What's in a Name? Using a Nom de Plume

Yesterday’s piece in the New York Times about the author who used a pen name to sell a manuscript is piquing the curiosity of authors, literary agents and publishers. After Patricia O’Brien could not sell her sixth novel to a publishing house she and her agent decided to shop it around under a pen name and got a respectable deal from Doubleday.

Using a nom de plume to find a new audience is nothing new. Romance authors together with their publishers change pen names when they feel interest in one name has waned, to accompany a new series/subgenre, or to reach a new audience. What’s different about this case is that the publisher wasn’t told about the pen name until the book was about to be published. This could have ended badly, but luckily it seems that those misled have taken it all in stride.

This doesn’t seem like the best way to approach a relationship with a business partner—remember, a publishing house is an author’s business partner and it makes a serious financial investment in the business venture that is a book. There could be reasons why a publisher might not want to work with a particular author and it seems fair that they should know who they are collaborating with on editorial, production and promotion.

But this article is really about an author and agent seeking a deal. The point of an author getting a book published is (hopefully) not to only sell your book to a publisher but also to sell book to readers. So what we should really be asking ourselves is should a broader section of the industry be looking at pen names as a way to promote a new novel that might be held back by less effective author branding? The NYT article doesn’t really focus on that, and there aren’t any sales yet to indicate whether the pseudonym helped this book. (The mention of a print run makes it sound like the book has sold well, but it’s too early to make that claim.)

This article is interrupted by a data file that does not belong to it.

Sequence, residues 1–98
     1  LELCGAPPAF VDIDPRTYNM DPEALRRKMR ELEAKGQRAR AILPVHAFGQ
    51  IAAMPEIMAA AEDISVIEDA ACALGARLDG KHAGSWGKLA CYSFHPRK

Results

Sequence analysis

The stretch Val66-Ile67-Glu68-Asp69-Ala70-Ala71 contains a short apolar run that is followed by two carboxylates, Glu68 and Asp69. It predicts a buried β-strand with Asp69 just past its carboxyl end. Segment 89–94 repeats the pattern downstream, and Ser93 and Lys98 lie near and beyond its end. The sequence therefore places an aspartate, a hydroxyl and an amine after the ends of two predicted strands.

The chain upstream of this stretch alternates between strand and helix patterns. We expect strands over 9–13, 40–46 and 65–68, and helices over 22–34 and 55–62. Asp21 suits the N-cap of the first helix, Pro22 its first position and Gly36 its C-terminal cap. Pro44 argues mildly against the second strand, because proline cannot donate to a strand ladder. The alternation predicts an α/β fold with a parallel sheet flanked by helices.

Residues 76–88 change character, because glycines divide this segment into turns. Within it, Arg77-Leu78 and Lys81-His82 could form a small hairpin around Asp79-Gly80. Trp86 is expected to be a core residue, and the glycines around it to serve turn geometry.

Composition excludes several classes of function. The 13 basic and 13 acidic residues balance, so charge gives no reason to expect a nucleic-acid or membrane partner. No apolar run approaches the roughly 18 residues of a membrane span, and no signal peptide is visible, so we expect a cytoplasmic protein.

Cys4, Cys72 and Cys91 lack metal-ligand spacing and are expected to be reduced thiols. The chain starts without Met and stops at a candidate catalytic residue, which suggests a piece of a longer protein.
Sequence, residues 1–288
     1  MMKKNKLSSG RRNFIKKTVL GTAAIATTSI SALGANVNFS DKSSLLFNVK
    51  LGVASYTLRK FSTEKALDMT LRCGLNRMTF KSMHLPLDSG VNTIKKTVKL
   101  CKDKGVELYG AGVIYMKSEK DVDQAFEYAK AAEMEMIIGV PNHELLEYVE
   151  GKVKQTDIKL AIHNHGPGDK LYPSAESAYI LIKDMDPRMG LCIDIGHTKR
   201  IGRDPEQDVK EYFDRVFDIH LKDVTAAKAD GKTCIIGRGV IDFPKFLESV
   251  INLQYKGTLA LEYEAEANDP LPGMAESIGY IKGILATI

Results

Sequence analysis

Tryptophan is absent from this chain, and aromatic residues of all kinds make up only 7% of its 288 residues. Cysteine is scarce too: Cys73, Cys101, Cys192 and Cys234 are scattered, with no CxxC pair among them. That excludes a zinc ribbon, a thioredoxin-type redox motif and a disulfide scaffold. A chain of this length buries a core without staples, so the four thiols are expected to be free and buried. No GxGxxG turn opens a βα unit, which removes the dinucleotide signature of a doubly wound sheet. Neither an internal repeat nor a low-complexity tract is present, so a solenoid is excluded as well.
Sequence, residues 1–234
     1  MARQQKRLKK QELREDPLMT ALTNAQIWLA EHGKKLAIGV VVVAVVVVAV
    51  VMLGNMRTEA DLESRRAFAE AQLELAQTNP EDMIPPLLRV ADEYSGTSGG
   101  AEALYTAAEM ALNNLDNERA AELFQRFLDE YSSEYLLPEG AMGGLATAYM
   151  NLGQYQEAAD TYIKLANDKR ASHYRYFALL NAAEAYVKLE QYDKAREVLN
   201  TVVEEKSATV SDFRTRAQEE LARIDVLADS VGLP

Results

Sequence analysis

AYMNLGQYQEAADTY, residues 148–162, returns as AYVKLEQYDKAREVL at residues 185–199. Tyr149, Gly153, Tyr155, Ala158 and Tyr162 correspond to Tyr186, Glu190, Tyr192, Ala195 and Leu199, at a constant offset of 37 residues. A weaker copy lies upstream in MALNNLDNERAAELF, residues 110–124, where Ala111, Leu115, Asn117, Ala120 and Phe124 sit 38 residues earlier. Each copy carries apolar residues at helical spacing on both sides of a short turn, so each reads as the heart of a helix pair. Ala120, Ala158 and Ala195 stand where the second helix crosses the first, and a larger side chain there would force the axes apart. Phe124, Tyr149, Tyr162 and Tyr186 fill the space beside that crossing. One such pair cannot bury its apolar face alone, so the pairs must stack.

The author and her agent to have a legitimate complaint, though: a good book wasn’t considered only because of the name attached. Ideally the publisher would have thought of trying out a nom de plume, but new ideas can come from anyone working a book. Clearly, the pseudonym idea was worthwhile here, but it wasn’t necessary to keep the true identity of the author a secret after acquisition.

This type of story, no matter how rare, is a PR problem for publishers as a whole. Sadly, no one ever publishes stories about all the times when someone submits a great book and many publishers recognize it’s potential, then one pays an appropriate advance and publishes it well, and then it goes on to sell well too.

Aside: It is also argued that BookScan is the reason that the book wasn’t acquired. I’d like to argue that most good editors and publishing teams more often than not base their decisions on much more than just sales history. BookScan, like SalesData, was never meant to be the only factor in making acquisition decisions. Sales tracking (which is primarily a stock management tool) can give publishing teams a look at the market. No one should argue that an author’s sales history guarantees a repeat performance, good or bad.

I think if there’s anything that should be taken from this article, it’s that mainstream publishers should take a second look at pen names. (It clearly works on some people!) Perhaps Ms. O’Brien’s book is an interesting test case to follow. Will her sixth novel do better under a pen name? If so, will it be because of that pen name, any increased promotional spending, a new direction in the packaging and positioning, the topic, or maybe even a combination? It’s worth investigating.